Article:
“Juice is gone” on Portuguese bonds?

July 16, 2012

Portuguese bonds staged an impressive rebound on the back of the European Central Bank’s cheap loan money flood in the first half of the year. The bailed-out country has managed the rare feat of being one of the best performing sovereign bond markets of the year so far with returns of over 40 percent for 10-year government bonds.

But the rebound was illusory in some respects because Lisbon had suffered more than most at the end of last year when some feared, prematurely at least, that the logic of the Greek debt restructuring would be applied to Portugal too.
And even if Lisbon has been praised for its efforts to cut its deficit, it is still considered the euro zone’s second riskiest country in terms of bond yields.

Richard Batty, investment director at Standard Life Investments, says:

“At the moment the premium suggests a big credit risk associated with holding (Portuguese) assets. Many of our clients have asked us not to invest in Portugal because sovereign bonds in places like Portugal and Greece are not risk-free anymore.”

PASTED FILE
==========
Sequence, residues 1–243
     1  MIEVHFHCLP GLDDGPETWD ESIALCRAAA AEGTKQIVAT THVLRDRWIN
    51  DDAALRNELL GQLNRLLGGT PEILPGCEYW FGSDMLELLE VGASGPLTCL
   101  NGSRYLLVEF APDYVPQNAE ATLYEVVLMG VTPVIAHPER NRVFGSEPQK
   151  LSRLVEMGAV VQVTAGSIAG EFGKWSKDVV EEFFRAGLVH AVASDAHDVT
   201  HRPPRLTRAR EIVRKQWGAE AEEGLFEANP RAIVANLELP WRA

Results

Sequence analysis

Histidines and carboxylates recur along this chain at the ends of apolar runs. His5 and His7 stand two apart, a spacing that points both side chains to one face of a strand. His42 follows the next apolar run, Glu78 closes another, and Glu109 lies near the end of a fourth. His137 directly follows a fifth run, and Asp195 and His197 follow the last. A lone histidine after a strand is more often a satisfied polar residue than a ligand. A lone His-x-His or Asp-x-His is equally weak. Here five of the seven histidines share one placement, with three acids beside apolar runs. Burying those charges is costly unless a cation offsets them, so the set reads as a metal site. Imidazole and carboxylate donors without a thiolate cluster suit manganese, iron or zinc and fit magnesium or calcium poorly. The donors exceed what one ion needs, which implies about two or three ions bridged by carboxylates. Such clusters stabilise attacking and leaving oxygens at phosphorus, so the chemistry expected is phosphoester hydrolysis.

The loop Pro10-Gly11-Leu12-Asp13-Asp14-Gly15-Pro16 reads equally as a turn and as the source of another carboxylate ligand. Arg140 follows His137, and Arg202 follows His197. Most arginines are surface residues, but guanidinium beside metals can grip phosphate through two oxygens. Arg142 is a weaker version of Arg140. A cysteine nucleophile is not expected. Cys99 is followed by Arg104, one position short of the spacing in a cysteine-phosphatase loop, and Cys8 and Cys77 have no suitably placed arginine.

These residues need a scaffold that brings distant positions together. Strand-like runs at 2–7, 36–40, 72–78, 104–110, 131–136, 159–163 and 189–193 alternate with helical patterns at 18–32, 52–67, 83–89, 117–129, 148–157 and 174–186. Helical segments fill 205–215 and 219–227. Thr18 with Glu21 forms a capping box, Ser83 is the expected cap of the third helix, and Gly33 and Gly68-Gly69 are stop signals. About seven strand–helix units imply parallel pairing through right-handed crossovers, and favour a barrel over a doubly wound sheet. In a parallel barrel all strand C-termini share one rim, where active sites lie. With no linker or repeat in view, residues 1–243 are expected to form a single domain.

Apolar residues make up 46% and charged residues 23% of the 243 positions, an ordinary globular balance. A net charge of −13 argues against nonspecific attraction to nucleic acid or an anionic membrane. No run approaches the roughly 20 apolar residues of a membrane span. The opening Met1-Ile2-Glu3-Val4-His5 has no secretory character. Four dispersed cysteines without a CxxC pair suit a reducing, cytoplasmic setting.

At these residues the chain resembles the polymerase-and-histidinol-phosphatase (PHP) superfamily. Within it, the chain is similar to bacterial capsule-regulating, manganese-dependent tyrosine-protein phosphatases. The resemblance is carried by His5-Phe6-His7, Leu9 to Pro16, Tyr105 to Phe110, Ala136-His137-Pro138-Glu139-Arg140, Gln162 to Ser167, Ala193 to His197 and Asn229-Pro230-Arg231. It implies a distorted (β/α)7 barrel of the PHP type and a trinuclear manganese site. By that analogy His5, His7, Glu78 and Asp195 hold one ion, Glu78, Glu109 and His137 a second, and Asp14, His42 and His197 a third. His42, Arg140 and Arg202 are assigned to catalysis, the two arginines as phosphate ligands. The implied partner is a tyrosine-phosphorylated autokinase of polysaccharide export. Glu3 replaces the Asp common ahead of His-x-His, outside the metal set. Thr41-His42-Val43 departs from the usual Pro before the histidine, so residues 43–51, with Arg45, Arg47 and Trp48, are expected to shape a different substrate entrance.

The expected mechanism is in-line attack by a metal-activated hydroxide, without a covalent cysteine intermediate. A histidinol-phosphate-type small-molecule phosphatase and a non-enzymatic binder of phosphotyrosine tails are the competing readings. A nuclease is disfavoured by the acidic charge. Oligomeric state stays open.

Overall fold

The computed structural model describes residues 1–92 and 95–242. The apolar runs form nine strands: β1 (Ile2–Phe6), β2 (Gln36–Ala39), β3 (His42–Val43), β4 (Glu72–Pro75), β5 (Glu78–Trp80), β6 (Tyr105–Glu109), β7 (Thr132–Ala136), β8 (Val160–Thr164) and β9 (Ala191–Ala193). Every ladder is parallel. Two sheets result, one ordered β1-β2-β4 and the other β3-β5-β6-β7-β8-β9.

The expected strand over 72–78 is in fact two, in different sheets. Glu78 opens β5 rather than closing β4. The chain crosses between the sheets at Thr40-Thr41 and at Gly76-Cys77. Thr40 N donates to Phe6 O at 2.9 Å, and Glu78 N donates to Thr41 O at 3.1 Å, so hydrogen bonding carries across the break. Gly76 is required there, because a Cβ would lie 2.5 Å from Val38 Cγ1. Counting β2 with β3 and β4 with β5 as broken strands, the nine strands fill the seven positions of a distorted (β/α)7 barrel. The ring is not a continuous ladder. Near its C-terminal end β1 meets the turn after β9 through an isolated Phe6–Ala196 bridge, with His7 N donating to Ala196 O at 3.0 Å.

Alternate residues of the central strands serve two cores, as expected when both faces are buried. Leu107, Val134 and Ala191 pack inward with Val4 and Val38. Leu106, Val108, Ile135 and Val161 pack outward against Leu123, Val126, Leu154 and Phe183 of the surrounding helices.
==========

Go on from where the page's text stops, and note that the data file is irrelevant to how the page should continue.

Portugal’s 10-year debt is still priced as low as 65 cents in the euro on secondary markets compared to 93 cents for equivalent debt in fellow bailout member Ireland.
For Federico Sequeira at Exotix brokers, most good opportunities found in the first half are gone.

“At one point the sovereigns started trading at a very low level and people started investing when they realised Portugal’s problems were not as bad as that of Spain. Today you probably won’t find opportunities on the bond side … the moment everybody got involved the juice was gone.”


And amid warnings by parliamentary monitors that Portugal was at risk of missing its budget deficit targets in the wake of the country’s worst recession since the 1970s, some economists warn that yields are likely to increase again.

According to a research note from Capital Economics:

“While Portugal is seeing some respite in bond markets, we think this broad mix of factors dragging on its growth prospects will come back to haunt it later on…These weaknesses are likely to hamper its efforts to issue debt independently and they will not disappear.”

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